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Hoffmann, R. A wiki for the life sciences where authorship matters. Nature Genetics (2008)
 
 
 
 
 

Inhibition of cytokinesis by a lipid metabolite, psychosine.

Although a number of cellular components of cytokinesis have been identified, little is known about the detailed mechanisms underlying this process. Here, we report that the lipid metabolite psychosine (galactosylsphingosine), derived from galactosylceramide, induced formation of multinuclear cells from a variety of nonadherent and adherent cells due to inhibition of cytokinesis. When psychosine was added to the human myelomonocyte cell line U937, which was the most sensitive among the cell lines tested, cleavage furrow formed either incompletely or almost completely. However, abnormal contractile movement was detected in which the cellular contents of one of the hemispheres of the contracting cell were transferred into its counterpart. Finally, the cleavage furrow disappeared and cytokinesis was reversed. Psychosine treatment also induced giant clots of actin filaments in the cells that probably consisted of small vacuoles with filamentous structures, suggesting that psychosine affected actin reorganization. These observations could account for the formation of multinuclear globoid cells in the brains of patients with globoid cell leukodystrophy, a neurological disorder characterized by the accumulation of psychosine due to galactosylceramidase deficiency.[1]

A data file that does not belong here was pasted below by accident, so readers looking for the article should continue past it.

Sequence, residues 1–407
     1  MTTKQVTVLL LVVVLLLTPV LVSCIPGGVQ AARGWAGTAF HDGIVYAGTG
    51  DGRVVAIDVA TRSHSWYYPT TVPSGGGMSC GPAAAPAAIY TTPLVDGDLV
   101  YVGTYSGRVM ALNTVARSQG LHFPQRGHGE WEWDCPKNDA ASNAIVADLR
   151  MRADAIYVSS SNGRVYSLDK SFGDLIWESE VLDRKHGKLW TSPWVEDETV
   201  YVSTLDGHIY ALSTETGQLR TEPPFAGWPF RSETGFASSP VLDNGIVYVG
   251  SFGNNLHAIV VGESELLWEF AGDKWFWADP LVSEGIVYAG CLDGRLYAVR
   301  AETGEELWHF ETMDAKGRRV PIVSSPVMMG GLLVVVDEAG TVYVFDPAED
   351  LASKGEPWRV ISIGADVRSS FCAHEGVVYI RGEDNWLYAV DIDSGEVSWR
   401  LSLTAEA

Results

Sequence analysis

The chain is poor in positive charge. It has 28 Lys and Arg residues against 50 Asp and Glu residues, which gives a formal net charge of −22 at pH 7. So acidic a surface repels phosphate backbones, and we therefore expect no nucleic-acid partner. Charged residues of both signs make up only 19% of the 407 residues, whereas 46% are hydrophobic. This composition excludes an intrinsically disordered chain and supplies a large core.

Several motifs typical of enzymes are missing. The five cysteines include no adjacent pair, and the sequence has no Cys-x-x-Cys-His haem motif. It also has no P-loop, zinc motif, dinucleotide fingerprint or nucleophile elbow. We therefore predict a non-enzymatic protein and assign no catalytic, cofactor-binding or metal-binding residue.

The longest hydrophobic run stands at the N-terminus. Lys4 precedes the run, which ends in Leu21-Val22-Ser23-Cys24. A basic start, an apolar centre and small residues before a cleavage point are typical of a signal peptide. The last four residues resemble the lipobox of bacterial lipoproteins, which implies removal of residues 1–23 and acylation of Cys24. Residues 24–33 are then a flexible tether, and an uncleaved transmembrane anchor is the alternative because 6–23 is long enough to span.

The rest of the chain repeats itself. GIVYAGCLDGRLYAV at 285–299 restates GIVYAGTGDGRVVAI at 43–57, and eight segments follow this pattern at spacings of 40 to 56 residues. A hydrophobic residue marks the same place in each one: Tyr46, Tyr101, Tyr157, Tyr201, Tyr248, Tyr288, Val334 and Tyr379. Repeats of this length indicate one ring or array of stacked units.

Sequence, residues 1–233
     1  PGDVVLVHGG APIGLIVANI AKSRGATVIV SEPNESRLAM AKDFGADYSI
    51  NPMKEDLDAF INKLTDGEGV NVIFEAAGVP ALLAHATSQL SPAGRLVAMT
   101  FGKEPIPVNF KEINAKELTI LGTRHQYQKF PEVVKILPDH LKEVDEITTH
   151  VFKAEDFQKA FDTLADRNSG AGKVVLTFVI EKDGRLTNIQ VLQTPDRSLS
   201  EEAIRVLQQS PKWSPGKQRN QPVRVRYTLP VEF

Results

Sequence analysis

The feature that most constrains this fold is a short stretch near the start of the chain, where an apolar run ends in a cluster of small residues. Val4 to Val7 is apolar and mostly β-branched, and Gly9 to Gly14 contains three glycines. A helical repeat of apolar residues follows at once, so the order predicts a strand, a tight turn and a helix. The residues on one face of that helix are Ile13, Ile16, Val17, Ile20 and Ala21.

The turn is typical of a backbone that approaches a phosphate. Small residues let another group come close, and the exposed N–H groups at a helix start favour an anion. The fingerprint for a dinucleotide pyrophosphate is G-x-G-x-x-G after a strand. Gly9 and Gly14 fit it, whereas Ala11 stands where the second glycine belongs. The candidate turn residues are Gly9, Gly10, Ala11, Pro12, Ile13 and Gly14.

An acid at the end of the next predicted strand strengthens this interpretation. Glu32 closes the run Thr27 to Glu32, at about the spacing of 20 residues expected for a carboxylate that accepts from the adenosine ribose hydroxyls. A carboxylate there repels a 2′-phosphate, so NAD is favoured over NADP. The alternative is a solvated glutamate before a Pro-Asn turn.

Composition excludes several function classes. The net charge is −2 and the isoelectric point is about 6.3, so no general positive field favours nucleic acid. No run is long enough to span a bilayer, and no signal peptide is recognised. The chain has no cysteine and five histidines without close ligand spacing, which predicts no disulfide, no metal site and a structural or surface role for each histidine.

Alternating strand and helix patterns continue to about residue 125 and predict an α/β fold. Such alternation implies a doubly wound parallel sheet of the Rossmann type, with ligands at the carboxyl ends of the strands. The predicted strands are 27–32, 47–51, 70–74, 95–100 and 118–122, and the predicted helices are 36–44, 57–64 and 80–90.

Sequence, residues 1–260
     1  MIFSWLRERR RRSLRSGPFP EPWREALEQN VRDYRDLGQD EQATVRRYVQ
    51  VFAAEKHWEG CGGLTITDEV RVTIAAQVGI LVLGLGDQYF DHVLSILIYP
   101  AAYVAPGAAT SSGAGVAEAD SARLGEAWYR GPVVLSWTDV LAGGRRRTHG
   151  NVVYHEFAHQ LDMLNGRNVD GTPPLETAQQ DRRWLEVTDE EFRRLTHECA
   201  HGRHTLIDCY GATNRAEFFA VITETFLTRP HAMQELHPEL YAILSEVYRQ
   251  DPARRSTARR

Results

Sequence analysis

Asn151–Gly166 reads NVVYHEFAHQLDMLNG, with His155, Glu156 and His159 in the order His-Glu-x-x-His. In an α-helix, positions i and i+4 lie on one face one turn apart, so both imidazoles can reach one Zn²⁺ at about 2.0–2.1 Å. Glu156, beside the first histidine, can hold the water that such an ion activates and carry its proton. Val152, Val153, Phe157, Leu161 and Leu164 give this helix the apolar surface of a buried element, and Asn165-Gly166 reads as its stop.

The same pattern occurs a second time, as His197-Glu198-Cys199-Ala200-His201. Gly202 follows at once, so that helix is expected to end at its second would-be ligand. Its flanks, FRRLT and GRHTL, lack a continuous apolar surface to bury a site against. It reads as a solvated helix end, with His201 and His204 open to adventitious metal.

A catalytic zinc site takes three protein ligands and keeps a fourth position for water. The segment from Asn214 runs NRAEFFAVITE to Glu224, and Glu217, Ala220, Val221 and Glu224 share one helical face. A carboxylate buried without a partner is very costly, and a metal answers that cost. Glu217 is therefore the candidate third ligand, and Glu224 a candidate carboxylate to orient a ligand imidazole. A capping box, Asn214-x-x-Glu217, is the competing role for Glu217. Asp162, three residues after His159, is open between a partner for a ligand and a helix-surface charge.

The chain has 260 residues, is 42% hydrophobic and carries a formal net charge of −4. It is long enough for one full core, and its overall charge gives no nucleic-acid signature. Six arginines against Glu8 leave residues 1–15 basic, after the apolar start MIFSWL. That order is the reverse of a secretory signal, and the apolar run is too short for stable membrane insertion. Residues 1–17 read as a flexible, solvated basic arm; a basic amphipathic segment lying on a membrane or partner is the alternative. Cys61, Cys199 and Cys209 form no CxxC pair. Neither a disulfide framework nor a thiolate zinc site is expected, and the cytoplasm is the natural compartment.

References

  1. Inhibition of cytokinesis by a lipid metabolite, psychosine. Kanazawa, T., Nakamura, S., Momoi, M., Yamaji, T., Takematsu, H., Yano, H., Sabe, H., Yamamoto, A., Kawasaki, T., Kozutsumi, Y. J. Cell Biol. (2000) [Pubmed]
 
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